A podiatrist is a health professional who works with the prevention, diagnosis, treatment as well as rehabilitation of health-related and surgical conditions of the feet and lower limbs.
The problems podiatrists address include things like those caused by bone and joint disorders such as arthritis and soft-tissue and muscular pathologies and also neurological and circulatory conditions. Podiatrists are also able to identify and treat virtually any difficulties of the above that affect the lower limb, for example skin and nail disorders, corns, calluses and ingrown toenails. Foot injuries and infections gained as a result of sport or other activities are also diagnosed and handled by podiatrists.
To be a podiatrist, a practitioner needs to finish a Bachelor’s Degree and be registered with state podiatry registration boards.
You could be interested to know that before 1977, Australian podiatrists were known as chiropodists. The official name switch to podiatry demonstrated the updating of education levels and an expansion in the range of practice by the profession.
Podiatrists diagnose and treat both common and more exceptional skin and nail pathologies of the feet. Podiatrists perform a significant role in maintaining the activity of numerous aged and disabled individuals, and others. This is accomplished by the regular tracking of foot health, specifically of those with circulation problems and diabetes.
Podiatrists are acknowledged as vital members of the medical care workforce in preventing and managing lower limb difficulties for those living with diabetes.
A basic area of foot care carried out by podiatrists is the treatment of a variety of acute and chronic nail problems, the management of which depends upon the pathology.
Podiatrists own certain instrumentation for pain-free and efficient management of these problems. For instance the surgical correction of chronically ingrown toe nails under local anaesthesia is a very common podiatric procedure.
The treatment and prevention of corns, calluses and also warts are also standard podiatric treatments.
The child’s foot is not simply a small-scale model of an adult foot. It’s shape is not conclusively established until growth ceases after the second decade of life. Podiatrists detect and treat children’s foot problems by mindful examination of the foot, and lower limb, where essential.
Guidance for the prevention or reduction of foot deformity which often forms later in adult life may include the provision of relevant information on footwear, treatment by splinting, suggestions about exercises and/or orthotic control of the feet. Podiatrists also treat common, chronic and acute issues of children’s feet for example osteochondroses, fasciitis and pes planus.
Orthoses are custom-made shoe inserts developed especially to help reduce a foot pathology. The prescription and manufacturing of orthoses is an important part of podiatric practice. Podiatrists are trained in the manufacturing processes for a selection of shoe inserts. Most inserts fall into two primary groups – functional orthoses or palliative orthoses.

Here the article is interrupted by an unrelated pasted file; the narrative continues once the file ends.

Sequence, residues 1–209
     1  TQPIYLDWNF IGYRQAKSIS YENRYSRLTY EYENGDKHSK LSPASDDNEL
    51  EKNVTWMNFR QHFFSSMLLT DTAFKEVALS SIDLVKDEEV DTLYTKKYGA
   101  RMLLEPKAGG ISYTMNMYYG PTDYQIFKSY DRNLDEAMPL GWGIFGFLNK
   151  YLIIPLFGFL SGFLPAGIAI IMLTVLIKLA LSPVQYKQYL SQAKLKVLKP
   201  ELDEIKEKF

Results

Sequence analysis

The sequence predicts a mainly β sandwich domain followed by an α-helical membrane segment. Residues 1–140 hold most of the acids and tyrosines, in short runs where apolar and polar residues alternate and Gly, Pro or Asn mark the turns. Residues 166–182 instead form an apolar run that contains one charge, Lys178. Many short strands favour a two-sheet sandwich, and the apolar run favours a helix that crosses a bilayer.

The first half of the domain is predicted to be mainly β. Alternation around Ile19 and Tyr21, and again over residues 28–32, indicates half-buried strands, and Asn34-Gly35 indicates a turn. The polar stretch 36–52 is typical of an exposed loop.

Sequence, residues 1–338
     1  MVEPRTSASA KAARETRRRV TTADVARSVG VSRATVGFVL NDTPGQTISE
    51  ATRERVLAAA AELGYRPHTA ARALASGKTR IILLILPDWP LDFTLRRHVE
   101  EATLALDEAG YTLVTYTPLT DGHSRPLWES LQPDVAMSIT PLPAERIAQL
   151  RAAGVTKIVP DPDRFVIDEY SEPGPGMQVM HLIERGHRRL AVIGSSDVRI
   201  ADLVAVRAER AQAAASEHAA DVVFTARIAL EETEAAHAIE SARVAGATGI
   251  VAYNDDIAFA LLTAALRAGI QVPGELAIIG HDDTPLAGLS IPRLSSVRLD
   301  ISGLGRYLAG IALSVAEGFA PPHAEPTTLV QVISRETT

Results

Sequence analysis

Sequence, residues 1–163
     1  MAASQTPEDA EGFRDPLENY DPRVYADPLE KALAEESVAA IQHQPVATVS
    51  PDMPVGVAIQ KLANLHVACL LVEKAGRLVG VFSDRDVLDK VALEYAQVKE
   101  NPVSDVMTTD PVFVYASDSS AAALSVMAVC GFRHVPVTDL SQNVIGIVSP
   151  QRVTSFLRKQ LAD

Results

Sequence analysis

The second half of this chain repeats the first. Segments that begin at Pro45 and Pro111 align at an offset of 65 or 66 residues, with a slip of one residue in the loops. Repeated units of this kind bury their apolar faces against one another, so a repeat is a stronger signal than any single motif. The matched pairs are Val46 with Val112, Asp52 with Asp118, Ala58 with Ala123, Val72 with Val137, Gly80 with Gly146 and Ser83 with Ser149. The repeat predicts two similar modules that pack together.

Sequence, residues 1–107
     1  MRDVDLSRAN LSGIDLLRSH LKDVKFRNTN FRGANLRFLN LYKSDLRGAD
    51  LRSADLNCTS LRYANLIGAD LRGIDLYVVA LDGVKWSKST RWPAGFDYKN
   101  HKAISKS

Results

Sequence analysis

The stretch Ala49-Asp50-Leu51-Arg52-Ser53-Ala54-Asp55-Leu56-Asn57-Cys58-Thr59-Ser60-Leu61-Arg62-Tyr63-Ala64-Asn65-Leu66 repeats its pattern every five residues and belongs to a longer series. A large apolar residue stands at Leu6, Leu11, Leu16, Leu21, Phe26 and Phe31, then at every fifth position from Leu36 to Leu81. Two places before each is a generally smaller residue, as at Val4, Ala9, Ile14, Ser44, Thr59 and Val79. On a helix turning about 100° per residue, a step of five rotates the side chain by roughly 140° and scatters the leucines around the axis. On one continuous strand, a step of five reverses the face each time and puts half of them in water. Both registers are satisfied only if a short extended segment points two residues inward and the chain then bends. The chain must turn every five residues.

Functional orthoses are prescribed after the biomechanical assessment and casting of the feet. They are manufactured by numerous methods to straighten up the structure of the foot in its most functionally efficient position. The orthotic, moulded from the cast, is designed to strengthen the foot and to stop it from moving into an unbalanced position when walking or running.
These inserts involve several steps in both the diagnostic and production stages, and are typically made from a thermoplastic.
Palliative orthoses are designed especially to eliminate pressure from painful or ulcerated areas of the foot. These are usually softer and significantly less complex devices made of foam or rubbers. Palliative orthoses in many cases are employed for the management of severely deformed feet with a limited range of motion and mobility. They are often a suitable choice for seniors with significant soft-tissue atrophy and/or circulatory illness.
Podiatrists are skilled to conduct both nail and also cutaneous surgical treatment, however some have undertaken further training to undertake additional foot surgery.
It is usually not required to have a referral to see a podiatrist. However, for patients to receive podiatry treatment within various programs such as those run by Veterans Affairs, Workers Compensation, or the Program for Aids for Disabled People (PADP), a medical recommendation is necessary.
Private health insurance funds include podiatry services in their ancillary tables.
Government-funded services are available in some public hospitals, community health centres along with other publicly funded utilities.
Podiatry Preston – is located at 614 Bell Street, Preston.
Podiatry Gladstone Park – located at 27B Gladstone Park Drive, Gladstone Park